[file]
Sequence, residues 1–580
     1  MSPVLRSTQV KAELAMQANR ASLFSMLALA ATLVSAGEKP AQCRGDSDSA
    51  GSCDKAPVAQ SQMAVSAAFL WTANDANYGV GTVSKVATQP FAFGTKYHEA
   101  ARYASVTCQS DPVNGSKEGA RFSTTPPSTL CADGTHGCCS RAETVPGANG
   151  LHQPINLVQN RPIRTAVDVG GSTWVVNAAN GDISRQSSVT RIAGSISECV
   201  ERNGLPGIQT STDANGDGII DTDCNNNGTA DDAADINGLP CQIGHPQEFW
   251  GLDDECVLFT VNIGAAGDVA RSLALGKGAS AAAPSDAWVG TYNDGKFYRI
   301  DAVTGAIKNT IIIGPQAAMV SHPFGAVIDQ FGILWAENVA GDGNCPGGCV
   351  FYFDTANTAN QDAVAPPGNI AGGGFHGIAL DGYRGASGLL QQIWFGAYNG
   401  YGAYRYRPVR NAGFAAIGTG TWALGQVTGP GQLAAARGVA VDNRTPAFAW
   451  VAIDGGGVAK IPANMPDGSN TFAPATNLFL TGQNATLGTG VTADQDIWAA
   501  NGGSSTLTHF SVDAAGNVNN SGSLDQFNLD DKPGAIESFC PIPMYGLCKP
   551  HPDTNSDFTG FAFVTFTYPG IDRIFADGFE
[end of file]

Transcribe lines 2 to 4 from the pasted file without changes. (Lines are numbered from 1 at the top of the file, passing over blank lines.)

     1  MSPVLRSTQV KAELAMQANR ASLFSMLALA ATLVSAGEKP AQCRGDSDSA
    51  GSCDKAPVAQ SQMAVSAAFL WTANDANYGV GTVSKVATQP FAFGTKYHEA
   101  ARYASVTCQS DPVNGSKEGA RFSTTPPSTL CADGTHGCCS RAETVPGANG